micah holmquist's irregular thoughts and links
Welcome to the musings and notes of a Cadillac, Michigan based writer named Micah Holmquist, who is bothered by his own sarcasm.
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Sunday, January 12, 2003
The current issue of The Village Voice features Greg Tate's highly critical review of Audioslave's self-titled debut cd. Not having heard anything by Audioslave save for "Cochise" -a song that hardly impressed me-, I'm not going to argue with Tate's overall argument but there is a problem with his assertion that:
Unlike funk, rock is not its own reward. Unlike hiphop, it lacks a built-in sociocultural-tribal context to lend even mediocre acts meaning. Rock matters when it matters because folk are driven to create their own context, and their own engaging forms of exorcism, catharsis, confession, and martyrdom.Actually it seems that every time I hear a mediocre rock –which I am defining in a broad sense so as to include those who, for example, imitate Bad Brains as much as those who want to be Tom Petty- band live, which admittedly isn’t a weekly event, I am struck by how the music works as part of a social experience that has only little to do with the actual music. (If the music is less than mediocre, the whole effect is lost so the content does play a role.) Appreciating such performance does require the creation of a context but no more than appreciating mediocre hip-hop requires a context that Tate may see as a given but which is every bit as much the product of creation since all contexts are effectively the product of the intellectual exercise of connecting events, movements and static products.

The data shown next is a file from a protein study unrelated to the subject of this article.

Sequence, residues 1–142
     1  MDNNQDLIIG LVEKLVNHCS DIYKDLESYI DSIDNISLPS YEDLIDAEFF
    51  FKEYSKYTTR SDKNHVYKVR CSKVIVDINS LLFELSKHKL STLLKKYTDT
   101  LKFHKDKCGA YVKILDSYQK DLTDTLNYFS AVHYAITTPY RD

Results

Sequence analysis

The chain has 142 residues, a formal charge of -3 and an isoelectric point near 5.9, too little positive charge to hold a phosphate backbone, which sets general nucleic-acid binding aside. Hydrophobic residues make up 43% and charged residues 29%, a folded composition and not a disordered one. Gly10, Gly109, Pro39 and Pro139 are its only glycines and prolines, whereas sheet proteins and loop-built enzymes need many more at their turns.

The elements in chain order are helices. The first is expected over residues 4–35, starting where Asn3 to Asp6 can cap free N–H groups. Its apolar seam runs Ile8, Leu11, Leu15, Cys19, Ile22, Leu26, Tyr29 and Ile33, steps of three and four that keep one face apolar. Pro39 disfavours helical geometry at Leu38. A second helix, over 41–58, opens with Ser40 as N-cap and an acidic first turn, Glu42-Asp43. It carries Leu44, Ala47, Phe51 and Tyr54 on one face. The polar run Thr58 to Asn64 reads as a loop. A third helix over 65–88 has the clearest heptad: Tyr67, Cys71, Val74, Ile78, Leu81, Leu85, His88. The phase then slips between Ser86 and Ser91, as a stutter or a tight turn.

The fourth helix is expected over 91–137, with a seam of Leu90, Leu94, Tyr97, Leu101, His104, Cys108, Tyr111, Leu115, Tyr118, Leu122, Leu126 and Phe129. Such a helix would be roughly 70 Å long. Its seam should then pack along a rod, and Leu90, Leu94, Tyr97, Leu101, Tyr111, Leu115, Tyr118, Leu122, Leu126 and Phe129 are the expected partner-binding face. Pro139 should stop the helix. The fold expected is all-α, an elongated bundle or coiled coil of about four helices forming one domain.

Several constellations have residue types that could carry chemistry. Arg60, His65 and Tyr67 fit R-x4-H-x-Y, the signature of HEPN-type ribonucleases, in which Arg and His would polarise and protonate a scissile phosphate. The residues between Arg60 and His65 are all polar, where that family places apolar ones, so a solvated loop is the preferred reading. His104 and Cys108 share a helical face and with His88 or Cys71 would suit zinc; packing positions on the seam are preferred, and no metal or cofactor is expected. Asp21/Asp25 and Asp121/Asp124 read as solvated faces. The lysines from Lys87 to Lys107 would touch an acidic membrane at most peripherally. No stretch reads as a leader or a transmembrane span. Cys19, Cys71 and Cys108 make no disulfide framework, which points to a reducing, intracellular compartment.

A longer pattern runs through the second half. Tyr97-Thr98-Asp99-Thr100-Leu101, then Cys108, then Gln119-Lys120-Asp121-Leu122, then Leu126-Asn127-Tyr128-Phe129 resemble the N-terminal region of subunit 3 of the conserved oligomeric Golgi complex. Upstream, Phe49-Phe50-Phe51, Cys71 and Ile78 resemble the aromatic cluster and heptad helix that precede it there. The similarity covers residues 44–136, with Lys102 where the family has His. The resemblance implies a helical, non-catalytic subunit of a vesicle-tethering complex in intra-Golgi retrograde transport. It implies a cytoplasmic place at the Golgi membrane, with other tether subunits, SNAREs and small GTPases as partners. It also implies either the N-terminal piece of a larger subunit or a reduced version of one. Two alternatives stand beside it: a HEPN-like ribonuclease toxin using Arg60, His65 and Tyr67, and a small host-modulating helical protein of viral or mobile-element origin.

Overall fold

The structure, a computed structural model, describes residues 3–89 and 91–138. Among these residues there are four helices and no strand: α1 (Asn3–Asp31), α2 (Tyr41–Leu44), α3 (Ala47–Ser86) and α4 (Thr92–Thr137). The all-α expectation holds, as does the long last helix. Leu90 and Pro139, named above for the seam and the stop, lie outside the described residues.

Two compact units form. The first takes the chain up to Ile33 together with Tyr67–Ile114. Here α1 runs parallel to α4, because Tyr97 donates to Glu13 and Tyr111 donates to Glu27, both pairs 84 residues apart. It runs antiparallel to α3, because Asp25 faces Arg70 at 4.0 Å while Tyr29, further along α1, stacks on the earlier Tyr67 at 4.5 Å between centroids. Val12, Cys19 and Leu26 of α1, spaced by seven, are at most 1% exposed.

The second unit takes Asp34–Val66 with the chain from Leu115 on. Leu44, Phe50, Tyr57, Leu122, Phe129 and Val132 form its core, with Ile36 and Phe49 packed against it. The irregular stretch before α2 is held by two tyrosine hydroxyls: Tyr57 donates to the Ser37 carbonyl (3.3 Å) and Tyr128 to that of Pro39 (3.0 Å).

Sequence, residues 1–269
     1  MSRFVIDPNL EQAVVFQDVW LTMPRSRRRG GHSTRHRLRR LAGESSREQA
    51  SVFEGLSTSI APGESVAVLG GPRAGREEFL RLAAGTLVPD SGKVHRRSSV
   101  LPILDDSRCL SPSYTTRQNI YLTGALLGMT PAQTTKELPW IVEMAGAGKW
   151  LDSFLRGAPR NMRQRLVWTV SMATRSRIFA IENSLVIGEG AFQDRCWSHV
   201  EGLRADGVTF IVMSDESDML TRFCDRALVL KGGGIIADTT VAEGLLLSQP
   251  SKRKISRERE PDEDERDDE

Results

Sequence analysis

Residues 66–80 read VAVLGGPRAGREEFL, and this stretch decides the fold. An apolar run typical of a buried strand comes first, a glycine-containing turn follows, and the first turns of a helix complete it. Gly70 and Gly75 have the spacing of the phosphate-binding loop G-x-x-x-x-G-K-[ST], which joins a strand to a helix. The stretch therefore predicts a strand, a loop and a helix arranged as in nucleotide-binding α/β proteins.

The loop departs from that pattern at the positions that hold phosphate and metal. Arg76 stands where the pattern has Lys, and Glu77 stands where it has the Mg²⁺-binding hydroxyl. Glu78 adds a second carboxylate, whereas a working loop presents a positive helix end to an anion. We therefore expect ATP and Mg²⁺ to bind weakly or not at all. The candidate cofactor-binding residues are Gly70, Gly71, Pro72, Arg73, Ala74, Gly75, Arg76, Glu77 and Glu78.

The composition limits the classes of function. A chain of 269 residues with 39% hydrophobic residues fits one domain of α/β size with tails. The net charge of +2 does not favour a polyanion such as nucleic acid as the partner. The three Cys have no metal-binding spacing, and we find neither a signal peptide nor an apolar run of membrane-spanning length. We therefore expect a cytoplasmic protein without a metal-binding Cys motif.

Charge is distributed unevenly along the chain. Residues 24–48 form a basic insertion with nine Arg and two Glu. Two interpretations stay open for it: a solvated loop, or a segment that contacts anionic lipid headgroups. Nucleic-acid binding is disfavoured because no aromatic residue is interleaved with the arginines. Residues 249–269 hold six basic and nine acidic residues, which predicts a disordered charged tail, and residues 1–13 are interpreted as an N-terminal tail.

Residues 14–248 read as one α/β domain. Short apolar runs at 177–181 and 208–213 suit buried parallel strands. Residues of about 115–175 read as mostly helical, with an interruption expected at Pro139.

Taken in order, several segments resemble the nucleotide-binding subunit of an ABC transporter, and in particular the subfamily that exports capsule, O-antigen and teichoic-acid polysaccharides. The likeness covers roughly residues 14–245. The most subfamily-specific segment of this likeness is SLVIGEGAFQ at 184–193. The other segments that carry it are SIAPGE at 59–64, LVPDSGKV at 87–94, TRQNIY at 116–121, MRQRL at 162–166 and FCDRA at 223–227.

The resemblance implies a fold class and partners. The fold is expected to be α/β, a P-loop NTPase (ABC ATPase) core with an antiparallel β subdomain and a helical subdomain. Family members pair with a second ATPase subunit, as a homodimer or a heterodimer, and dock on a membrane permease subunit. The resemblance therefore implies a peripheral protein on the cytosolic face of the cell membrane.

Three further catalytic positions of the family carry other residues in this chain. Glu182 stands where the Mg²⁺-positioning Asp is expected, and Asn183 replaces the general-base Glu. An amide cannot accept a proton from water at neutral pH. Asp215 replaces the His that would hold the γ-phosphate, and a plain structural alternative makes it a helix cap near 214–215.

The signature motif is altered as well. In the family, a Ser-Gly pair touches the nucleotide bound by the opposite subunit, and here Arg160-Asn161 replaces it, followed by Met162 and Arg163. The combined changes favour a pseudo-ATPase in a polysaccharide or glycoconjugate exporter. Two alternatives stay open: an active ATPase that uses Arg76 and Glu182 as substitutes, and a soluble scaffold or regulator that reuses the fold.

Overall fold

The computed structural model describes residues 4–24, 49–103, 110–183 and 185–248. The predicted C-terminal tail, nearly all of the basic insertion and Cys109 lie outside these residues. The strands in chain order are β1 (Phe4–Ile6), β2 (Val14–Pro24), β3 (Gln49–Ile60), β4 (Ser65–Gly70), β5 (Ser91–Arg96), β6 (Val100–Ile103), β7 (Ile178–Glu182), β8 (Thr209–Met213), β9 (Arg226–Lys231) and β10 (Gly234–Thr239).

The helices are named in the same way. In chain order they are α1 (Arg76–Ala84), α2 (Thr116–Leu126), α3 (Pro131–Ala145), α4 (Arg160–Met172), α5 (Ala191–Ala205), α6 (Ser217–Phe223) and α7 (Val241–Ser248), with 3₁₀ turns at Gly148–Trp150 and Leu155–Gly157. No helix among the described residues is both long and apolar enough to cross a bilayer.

And of course there are many people who think seeing a group of gals and/or guys “rock out” is “its own reward.”